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Parents Honor Dying 5-Year-Old's Wish To Choose "Heaven Over Hospital"

An Oregon family said they are choosing to honor their terminally ill daughter's end-of-life wish not to seek medical assistance if her condition worsens.

Last updated on October 28, 2015, at 1:59 a.m. ET

Posted on October 28, 2015, at 1:47 a.m. ET

The family of a 5-year-old girl who is dying from an incurable neurodegenerative disease are allowing her to decide whether to seek medical treatment if her condition worsens.

Julianna Snow has Charcot-Marie-Tooth disease, which affects the nervous system, making movement in her legs and arms, as well as swallowing and breathing, difficult at times, CNN reported.

The young girl has been treated repeatedly at the hospital for infections and currently uses a breathing mask. Her parents, Steve Snow and Michelle Moon, have been warned that while their daughter is stable now, she will continue to get weaker and be in more pain.

Moon, a Vancouver neurologist, talked to her daughter about whether or not she wanted to return to the hospital the next time something happens to her.

"Very clearly, my daughter was telling me that getting more time at home with her family was not worth the pain of going to the hospital again," Moon said of her daughter to CNN.

"I made sure she understood that going to heaven meant dying and leaving this Earth," Moon continued. "And I told her that it also meant leaving her family for a while, but we would join her later. Did she still want to skip the hospital and go to heaven? She did."

Moon has had many conversations with patients about end-of-life decisions, but found little information about how to talk to a young person about their choices. That's why, after Moon talked to her daughter in May, she wanted to share on her blog her daughter's difficult decision.

Below is the conversation Moon had with her daughter and shared on the blog The Mighty.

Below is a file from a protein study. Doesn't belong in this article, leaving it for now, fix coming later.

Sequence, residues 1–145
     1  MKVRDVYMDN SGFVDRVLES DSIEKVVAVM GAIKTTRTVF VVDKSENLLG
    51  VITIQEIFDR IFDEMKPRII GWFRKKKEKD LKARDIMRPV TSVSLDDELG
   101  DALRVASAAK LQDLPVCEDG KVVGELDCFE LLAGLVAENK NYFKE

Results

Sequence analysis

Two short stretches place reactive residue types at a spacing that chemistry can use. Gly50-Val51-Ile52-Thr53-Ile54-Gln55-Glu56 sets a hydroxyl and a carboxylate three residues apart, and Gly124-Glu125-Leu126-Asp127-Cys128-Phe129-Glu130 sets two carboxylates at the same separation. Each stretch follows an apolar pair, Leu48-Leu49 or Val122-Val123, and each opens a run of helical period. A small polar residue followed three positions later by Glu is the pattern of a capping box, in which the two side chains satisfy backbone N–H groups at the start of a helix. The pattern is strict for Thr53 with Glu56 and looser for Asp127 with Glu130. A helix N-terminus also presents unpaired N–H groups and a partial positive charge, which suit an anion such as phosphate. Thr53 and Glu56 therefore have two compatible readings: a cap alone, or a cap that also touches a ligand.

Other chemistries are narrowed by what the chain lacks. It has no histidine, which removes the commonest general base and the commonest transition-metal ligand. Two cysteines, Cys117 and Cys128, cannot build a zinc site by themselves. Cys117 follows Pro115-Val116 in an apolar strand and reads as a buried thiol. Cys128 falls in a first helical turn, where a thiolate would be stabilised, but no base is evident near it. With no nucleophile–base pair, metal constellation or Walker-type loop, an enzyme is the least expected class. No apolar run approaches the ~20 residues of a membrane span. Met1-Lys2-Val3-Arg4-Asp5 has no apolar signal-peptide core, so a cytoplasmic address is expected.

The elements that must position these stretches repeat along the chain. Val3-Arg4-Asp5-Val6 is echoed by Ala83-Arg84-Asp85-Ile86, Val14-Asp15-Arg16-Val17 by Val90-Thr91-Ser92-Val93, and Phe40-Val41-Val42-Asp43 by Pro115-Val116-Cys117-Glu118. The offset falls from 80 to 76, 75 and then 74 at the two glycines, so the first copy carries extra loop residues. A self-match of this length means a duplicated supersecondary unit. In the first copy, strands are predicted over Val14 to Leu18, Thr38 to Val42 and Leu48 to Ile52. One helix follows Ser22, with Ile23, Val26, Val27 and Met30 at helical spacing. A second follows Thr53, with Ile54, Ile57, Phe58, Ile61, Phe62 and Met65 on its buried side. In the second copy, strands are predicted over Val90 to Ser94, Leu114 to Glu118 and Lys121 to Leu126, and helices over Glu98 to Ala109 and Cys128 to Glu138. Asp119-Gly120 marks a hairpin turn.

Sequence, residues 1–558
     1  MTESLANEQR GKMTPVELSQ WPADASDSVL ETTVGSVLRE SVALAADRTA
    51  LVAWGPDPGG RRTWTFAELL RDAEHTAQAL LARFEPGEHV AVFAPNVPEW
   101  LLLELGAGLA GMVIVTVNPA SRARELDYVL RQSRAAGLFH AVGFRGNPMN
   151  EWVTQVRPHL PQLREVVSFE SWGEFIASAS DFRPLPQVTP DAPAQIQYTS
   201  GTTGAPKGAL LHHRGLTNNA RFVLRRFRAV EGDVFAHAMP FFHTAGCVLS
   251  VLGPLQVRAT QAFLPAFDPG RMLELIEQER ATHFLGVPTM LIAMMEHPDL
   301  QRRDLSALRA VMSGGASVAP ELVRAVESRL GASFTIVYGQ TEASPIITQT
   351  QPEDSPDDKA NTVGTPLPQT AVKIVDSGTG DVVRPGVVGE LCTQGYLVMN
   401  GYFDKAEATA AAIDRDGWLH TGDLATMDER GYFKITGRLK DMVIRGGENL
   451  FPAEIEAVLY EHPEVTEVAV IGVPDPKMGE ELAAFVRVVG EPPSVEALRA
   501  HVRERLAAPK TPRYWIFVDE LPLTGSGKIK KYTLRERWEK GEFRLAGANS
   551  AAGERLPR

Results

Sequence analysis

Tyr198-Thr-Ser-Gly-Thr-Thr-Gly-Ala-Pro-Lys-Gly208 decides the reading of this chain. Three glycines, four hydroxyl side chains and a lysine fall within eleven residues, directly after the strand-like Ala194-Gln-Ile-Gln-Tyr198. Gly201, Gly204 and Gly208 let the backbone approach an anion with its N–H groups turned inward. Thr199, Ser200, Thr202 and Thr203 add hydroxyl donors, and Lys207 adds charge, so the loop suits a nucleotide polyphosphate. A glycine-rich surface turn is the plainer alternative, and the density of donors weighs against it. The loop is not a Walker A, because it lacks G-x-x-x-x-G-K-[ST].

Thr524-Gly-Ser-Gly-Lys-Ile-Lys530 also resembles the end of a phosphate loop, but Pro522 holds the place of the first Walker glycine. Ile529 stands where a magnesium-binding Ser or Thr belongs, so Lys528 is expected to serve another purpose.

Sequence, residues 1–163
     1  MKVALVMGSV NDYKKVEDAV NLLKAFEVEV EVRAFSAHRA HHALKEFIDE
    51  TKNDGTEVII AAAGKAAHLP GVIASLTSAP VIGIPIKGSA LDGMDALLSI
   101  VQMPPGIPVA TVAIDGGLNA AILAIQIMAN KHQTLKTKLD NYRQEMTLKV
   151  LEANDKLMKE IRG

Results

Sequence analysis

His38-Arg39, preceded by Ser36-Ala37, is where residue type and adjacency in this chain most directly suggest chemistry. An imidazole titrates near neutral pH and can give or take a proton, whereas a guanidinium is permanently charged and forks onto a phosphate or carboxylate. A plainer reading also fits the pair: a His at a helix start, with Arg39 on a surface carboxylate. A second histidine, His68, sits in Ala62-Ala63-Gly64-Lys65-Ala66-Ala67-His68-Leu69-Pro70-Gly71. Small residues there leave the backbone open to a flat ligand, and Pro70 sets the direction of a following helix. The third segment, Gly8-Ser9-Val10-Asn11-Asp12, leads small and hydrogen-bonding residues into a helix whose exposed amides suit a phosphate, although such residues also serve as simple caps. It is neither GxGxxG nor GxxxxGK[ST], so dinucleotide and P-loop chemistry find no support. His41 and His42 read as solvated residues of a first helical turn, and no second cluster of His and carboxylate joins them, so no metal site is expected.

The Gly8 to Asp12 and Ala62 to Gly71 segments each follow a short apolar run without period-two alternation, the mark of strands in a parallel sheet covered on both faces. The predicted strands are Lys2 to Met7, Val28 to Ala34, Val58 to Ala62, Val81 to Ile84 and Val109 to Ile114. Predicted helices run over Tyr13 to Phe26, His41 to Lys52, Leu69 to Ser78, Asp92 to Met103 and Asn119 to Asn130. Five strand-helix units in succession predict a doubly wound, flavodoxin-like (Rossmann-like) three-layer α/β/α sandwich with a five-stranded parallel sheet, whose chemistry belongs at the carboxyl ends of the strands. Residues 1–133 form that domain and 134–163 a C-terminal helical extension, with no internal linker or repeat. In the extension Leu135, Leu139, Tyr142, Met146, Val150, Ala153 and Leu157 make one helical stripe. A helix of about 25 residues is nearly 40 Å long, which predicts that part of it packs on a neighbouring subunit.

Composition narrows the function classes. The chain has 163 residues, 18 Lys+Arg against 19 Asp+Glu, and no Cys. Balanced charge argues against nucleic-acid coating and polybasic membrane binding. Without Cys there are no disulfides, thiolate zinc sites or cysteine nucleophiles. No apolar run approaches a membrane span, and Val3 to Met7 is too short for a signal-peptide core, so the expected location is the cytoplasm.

Julianna: Mom, do you want me to get a shot?

Me: It depends. If you need the shot…

J: Do you want me to go the hospital and get a shot?

M: You don't want to go to the hospital, right, J?

J: I don't like NT [naso-tracheal suction, the thing she hated the most from the hospital].

M: I know. So if you get sick again, you want to stay home?

J: I hate NT. I hate the hospital.

M: Right. So if you get sick again, you want to stay home. But you know that probably means you will go to heaven, right?

J: (nods)

M: And it probably means that you will go to heaven by yourself, and Mommy will join you later.

J: But I won't be alone.

M: That's right. You will not be alone.

J: Do some people go to heaven soon?

M: Yes. We just don't know when we go to heaven. Sometimes babies go to heaven. Sometimes really old people go to heaven.

J: Will Alex [her 6-year-old brother] go to heaven with me?

M: Probably not. Sometimes people go to heaven together at the same time, but most of the time, they go alone. Does that scare you?

J: No, heaven is good. But I don't like dying.

M: I know. That's the hard part. We don't have to be afraid of dying because we believe we go to heaven. But it's sad because I will miss you so much.

J: Don't worry, I won't be alone.

M: I know. I love you.

J: Madly.

M: Yes, I love you madly. I'm so lucky.

J: And I'm so lucky.

M: Why?

J: Because you love me madly.

CNN / Via

Julianna surrounded (from left to right) by her father Steve, big brother Alex, mother Michelle, and her uncle Fred.

Not everyone agrees with the family's decision to let someone so young make an end-of-life decision.

"This doesn't sit well with me. It makes me nervous," Art Caplan, a bioethics professor at the Langone Medical Center at New York University, told CNN. "I think a 4-year-old might be capable of deciding what music to hear or what picture book they might want to read. But I think there's zero chance a 4-year-old can understand the concept of death. That kind of thinking doesn't really develop until around age 9 or 10."

Moon responded to Caplan's comments and said that while she understands people will have different opinions, her daughter is the only one who has experienced firsthand her suffering and she should get to decide what will happen to her.

Dr. Danny Hsia, Julianna's pulmonologist, said he agrees with the family's choice to respect the 5-year-old's wish.

"In that case, it makes a lot of sense to listen to her. I have the utmost faith in her mother and father," Hsia said to CNN.

"For her, there is no light at the end of the tunnel," he added. "She doesn't have a long time to live."

Julianna's family did not immediately respond to BuzzFeed News' request for comment Tuesday.

A BuzzFeed News investigation, in partnership with the International Consortium of Investigative Journalists, based on thousands of documents the government didn't want you to see.